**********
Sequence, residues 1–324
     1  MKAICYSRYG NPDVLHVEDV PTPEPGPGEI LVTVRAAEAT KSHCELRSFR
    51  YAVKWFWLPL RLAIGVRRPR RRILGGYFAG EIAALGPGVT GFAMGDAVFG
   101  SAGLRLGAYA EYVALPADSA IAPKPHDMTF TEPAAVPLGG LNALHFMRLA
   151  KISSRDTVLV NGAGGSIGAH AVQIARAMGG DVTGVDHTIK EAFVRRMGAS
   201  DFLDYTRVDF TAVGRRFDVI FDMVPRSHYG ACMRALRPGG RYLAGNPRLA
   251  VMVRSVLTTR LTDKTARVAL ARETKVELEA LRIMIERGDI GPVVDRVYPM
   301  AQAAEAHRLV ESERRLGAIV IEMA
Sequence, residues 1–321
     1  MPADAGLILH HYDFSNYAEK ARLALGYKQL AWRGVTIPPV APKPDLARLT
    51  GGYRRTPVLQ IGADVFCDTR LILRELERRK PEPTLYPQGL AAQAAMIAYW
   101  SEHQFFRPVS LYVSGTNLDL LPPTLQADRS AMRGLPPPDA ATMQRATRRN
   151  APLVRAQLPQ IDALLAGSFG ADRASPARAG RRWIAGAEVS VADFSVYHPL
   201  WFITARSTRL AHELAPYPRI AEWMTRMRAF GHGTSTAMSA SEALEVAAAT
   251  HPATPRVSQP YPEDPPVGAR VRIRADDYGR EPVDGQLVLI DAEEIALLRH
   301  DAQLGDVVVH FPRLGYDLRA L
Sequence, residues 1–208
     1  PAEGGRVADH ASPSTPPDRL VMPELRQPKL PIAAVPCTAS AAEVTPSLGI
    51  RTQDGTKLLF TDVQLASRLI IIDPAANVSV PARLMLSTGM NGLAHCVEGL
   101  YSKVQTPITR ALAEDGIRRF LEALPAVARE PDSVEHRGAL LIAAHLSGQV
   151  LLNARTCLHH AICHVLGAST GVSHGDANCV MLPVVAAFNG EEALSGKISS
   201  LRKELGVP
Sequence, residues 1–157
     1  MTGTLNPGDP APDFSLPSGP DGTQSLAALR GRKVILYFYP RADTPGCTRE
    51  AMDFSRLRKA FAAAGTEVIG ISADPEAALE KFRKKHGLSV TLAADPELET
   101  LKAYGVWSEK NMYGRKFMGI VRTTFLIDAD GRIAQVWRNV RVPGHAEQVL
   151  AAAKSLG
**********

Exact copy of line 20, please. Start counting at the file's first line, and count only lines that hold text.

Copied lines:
   101  YSKVQTPITR ALAEDGIRRF LEALPAVARE PDSVEHRGAL LIAAHLSGQV